One of my earliest childhood memories is my fourth birthday party. It was my very first sleepover and the theme was “flowers.” We didn’t have a lot of money at the time for decorations, so my mom drew all different kinds of flowers (daisies, roses, tulips etc.) on white poster boards and decorated our entire apartment with them hanging from the doorways and on the walls. She also baked me a cake. It was confetti flavored and had sprinkles with pink icing. I remember feeling so special and excited. Looking back, the entire day was simple, yet perfect. Twenty-six years later it still stands out to me not because of the amount of money that was spent or the level of theatrics that went down, but because of the way that my mom made me feel.
Those are the types of memories; or better yet feelings that I want to recreate for my son. He turned two on July 4th. We celebrated by taking a family trip to Sesame Place. It was just the three of us and Bub loved every moment. The entire car ride down his dad and I talked about the space that we were in two years ago when Bub was born and how far we’ve come since then. As many of you may know, when our son was born he was unexpectedly diagnosed with a life-long blood disorder called hemophilia. It was a very trying and scary time for us because we had absolutely no idea of how to deal with it or what the diagnosis meant. I remember staying up late at night worrying over whether or not my son would ever live a “normal” life. I would read countless forums and articles on the internet that were written by other parents whose children had the same exact diagnosis. I’d then create the “worse case scenarios” in my head and convince myself that something terrible was bound to happen. It got so bad that some days I would physically become ill because the anxiety of not knowing what my son’s future held just became too much for me to bear.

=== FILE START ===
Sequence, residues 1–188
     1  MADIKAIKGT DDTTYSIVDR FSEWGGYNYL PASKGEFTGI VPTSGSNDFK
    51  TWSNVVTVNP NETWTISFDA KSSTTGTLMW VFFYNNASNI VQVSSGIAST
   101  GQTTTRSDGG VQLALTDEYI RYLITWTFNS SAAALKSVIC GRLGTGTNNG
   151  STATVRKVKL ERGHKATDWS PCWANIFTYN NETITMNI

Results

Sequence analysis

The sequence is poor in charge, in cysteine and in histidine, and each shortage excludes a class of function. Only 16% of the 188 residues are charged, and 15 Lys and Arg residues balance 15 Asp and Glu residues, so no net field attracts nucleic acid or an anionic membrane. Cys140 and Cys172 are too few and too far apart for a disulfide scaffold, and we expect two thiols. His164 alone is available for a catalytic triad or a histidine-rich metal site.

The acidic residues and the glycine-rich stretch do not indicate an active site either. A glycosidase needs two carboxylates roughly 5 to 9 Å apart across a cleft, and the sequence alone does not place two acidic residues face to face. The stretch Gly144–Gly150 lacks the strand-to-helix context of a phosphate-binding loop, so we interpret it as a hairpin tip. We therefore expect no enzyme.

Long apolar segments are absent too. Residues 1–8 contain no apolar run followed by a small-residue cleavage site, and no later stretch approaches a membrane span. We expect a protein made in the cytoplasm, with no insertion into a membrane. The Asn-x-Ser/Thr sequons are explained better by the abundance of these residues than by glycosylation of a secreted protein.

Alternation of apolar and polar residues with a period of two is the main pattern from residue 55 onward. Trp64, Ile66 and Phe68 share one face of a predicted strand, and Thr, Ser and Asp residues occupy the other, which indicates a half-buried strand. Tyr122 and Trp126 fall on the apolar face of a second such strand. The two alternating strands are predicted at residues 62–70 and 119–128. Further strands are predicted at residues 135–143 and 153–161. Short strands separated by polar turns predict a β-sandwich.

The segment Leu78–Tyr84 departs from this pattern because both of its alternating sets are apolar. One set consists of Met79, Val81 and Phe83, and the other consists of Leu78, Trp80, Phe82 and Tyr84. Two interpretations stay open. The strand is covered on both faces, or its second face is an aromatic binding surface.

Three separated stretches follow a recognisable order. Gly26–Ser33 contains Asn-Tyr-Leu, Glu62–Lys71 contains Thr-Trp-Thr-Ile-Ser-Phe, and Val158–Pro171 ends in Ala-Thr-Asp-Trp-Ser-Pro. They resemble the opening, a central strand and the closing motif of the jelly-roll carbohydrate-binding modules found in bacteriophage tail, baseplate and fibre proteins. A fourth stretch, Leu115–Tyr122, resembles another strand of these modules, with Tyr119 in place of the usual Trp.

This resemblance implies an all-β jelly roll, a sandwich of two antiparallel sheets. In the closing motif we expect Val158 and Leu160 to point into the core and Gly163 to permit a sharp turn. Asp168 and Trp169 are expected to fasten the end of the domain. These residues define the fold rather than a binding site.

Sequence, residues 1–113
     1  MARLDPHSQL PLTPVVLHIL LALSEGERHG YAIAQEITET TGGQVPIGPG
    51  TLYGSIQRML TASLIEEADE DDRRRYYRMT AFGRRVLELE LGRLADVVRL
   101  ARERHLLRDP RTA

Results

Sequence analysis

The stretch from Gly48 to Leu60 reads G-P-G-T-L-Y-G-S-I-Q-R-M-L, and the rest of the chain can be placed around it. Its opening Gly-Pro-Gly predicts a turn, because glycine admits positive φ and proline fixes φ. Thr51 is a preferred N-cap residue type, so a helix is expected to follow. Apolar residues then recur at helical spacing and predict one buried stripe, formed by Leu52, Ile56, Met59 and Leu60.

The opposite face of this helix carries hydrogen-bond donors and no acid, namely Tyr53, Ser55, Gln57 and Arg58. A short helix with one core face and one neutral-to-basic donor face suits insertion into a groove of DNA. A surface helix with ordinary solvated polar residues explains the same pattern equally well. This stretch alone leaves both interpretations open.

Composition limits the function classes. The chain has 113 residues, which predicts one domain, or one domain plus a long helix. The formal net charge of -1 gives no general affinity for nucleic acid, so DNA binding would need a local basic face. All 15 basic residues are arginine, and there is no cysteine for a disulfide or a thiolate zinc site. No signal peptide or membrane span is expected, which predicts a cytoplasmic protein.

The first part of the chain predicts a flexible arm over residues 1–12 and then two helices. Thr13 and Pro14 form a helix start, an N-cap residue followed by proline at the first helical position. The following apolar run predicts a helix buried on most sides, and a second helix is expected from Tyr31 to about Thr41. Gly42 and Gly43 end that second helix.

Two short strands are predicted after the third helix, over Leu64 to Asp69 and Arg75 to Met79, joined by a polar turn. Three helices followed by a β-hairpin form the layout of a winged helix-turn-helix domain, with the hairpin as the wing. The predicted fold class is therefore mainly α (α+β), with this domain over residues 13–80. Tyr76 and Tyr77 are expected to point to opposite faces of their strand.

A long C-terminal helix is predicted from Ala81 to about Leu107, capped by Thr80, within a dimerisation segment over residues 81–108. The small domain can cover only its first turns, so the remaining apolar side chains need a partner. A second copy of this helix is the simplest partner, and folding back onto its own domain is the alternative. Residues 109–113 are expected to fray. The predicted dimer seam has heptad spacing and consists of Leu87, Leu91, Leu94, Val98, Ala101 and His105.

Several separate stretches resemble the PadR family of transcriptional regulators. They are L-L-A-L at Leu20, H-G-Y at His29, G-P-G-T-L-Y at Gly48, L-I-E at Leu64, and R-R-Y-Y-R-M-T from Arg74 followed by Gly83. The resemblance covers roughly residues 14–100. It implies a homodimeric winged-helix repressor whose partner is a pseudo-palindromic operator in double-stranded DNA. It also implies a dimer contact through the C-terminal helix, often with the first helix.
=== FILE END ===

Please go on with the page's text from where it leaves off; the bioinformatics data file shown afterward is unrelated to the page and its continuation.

If you would’ve told me two years ago that we would be where we are now, I’d have a hard time believing you. In his short life, Bub has been hospitalized more times than I’ve been in 30 years. His trials don’t outweigh his triumphs though. My baby is thriving. He is smart as a whip, a ball of energy, and the bravest, most adorable little boy that I have ever laid eyes on. I pray for a living and speak life and good will over my son daily. Someday all we’ll have left is memories. The reality is that my son has a challenging life ahead of him. I don’t want the tough memories to be the only ones that stand out. So, I’m determined to make the good ones count.